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Boots Riley Doesn't Need an Oscar Nomination, According to Boots Riley

"I had no actual belief that we would get nominated."
Tessa Thompson and Lakeith Stanfield in 'Sorry to Bother You.' Courtesy of Annapurna ​Pictures
Tessa Thompson and Lakeith Stanfield in 'Sorry to Bother You.' Courtesy of Annapurna Pictures

The same thing happens every year: Oscar nominations are announced, some strong contenders get snubbed, and fans air their disappointment. This year, Timothée Chalamet and Ethan Hawke are among the more notable shutouts, as are films like If Beale Street Could Talk and Crazy Rich Asians.

A lot of the online chatter on Tuesday surrounded Boots Riley’s film Sorry to Bother You, which wasn’t nominated for a single award, despite being one of the buzzier films of last summer. Riley took to Twitter to address the outcry and wound up schooling fans on the logistics and industry politics that dictate awards consideration. (His full thread is embedded at the end of this post.)


“The largest factor as to why we didn’t get nominated is that we didn’t actually run a campaign,” Riley tweeted on Tuesday afternoon. What he means is that for a film to be in the running, producers have to lobby the people who get to vote for awards. In the case of the Academy Awards, that’s 7,902 voting members as of December 2018.

In other words, it’s not enough for a movie to be beloved by audiences. Winning awards means charming the right Hollywood insiders. And all of that campaigning takes a lot of time, effort, and—most importantly—money. According to The Guardian, running an Oscar campaign costs between $5 million and $8 million. Simply mailing packaged DVD screeners to at least 70,000 (and counting) industry members can cost up to $35 per screener, according to Variety. That's a cost of $2.45 million. If a studio mails an unmarked screener via ground mail it's still a six-figure spend, Variety also notes.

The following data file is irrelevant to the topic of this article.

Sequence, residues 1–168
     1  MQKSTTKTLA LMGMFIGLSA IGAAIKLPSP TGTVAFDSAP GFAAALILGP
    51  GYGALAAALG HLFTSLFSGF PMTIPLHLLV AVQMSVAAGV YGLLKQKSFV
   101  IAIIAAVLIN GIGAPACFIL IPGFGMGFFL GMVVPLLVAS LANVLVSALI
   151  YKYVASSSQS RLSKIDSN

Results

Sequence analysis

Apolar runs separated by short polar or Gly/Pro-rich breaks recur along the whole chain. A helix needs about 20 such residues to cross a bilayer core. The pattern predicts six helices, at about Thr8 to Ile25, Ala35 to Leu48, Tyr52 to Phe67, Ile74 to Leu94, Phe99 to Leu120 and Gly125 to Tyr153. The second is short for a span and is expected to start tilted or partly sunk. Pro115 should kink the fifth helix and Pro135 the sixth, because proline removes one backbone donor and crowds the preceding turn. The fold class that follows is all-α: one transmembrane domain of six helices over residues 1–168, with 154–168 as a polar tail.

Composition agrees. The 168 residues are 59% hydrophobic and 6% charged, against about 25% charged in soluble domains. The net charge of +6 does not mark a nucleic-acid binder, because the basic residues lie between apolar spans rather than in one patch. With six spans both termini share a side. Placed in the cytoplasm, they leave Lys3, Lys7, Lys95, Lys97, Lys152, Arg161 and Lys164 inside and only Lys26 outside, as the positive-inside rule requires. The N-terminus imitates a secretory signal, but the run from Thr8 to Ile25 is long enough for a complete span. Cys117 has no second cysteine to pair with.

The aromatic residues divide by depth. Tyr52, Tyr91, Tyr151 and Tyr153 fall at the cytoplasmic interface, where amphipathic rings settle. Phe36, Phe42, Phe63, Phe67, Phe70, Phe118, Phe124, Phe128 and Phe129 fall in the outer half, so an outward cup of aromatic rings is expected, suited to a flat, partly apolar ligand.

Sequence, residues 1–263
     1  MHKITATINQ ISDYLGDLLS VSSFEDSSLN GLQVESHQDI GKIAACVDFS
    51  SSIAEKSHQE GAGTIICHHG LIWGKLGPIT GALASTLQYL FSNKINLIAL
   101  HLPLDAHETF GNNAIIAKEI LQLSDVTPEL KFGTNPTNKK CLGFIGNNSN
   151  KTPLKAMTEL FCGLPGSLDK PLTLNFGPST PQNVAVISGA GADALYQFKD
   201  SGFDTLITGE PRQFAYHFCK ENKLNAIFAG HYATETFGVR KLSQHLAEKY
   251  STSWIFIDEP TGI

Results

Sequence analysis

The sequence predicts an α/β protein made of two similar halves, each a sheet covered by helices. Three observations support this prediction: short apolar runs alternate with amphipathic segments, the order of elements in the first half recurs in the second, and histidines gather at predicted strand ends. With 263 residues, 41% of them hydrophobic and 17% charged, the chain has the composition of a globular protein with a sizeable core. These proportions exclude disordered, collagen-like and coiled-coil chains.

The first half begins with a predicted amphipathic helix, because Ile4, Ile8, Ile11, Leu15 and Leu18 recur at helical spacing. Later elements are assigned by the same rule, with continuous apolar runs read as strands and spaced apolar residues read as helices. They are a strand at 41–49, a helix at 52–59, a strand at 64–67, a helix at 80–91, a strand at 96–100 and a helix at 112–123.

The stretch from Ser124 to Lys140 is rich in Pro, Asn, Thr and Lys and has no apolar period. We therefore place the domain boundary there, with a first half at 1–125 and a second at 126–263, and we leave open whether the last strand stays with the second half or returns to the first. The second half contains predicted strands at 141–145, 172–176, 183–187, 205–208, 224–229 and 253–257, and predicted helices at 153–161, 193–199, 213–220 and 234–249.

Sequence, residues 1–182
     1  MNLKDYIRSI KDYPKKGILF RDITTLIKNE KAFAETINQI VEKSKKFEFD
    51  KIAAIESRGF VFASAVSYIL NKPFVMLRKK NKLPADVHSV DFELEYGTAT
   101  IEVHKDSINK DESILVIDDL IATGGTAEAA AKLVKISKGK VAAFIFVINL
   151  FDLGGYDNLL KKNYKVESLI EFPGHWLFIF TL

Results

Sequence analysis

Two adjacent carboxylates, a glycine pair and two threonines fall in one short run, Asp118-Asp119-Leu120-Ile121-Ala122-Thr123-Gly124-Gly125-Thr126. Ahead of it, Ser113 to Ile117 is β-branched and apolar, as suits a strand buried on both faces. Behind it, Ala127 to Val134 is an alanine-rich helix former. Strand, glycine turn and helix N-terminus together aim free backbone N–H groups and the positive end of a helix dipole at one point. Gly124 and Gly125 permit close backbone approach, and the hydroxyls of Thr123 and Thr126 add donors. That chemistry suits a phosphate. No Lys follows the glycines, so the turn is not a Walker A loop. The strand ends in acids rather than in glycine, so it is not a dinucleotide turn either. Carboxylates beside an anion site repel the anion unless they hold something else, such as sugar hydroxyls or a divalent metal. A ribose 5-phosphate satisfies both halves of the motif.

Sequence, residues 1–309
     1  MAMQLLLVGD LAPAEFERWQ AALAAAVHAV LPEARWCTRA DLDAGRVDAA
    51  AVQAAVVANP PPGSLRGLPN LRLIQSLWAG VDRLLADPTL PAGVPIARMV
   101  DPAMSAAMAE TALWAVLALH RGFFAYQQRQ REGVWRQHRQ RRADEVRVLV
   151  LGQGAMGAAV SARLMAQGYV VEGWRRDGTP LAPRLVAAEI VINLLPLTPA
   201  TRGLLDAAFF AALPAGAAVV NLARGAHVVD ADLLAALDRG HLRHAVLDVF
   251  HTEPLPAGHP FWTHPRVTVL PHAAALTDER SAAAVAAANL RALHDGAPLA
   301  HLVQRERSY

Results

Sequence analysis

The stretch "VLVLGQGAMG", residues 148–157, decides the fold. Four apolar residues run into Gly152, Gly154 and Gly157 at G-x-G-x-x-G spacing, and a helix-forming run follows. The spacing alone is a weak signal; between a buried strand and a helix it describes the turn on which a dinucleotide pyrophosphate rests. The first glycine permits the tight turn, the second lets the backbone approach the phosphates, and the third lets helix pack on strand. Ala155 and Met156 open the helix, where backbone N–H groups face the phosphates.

That’s a tall order for scrappy indie films like Sorry to Bother You. Riley is first and foremost a rapper and activist. He’s an industry outsider, and he’s been forthright about how hard it was to get his film made. When VICE’s Beckett Mufson tweeted at Riley with his own take on why Sorry to Bother You may have been snubbed, the director responded with even more behind-the-scenes intel on how he made the film on a shoestring budget.

Ultimately, the value of an Academy Award nomination is hard to quantify. When a film does get an Oscar nod, it usually translates to a bump at the box office, according to CBS News. For many artists, an award often signals a salary increase on future projects.


As Riley seems to know, getting snubbed isn’t a death knell. Just ask Spike Lee, who at 61 finally received his first Best Director nomination for BlacKkKlansman, nearly 30 years after Do the Right Thing wasn’t nominated for Best Picture or Best Director at the 1990 Oscars. Lee did get a nod for Best Original Screenplay that year, but the prize went to Dead Poets Society, and the experience left Lee ambivalent about awards.

“To be honest, after Do the Right Thing, I said, ‘That’s it.’ You know?” he told GQ while promoting BlacKkKlansman. “That’s not to say I wasn’t happy to get the honorary award, but as far as Oscars, my thing has always been my body of work. What film won best film of 1989? Driving Miss Daisy. Driving Miss motherfucking Daisy. Who’s watching that film now?”

At its core, Sorry to Bother You is a takedown of capitalist institutions and a critique of our propensity to trust them. Hollywood aims to make money, plain and simple. So unfortunately, it makes a twisted sort of sense that the Academy—itself founded by an MGM studio boss—would snub an artist agitating for revolution. As Riley sagely pointed out in his Twitter thread, taking home a golden statuette might be nice, but getting more people to see his film is the real win.

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Follow Kara Weisenstein on Twitter.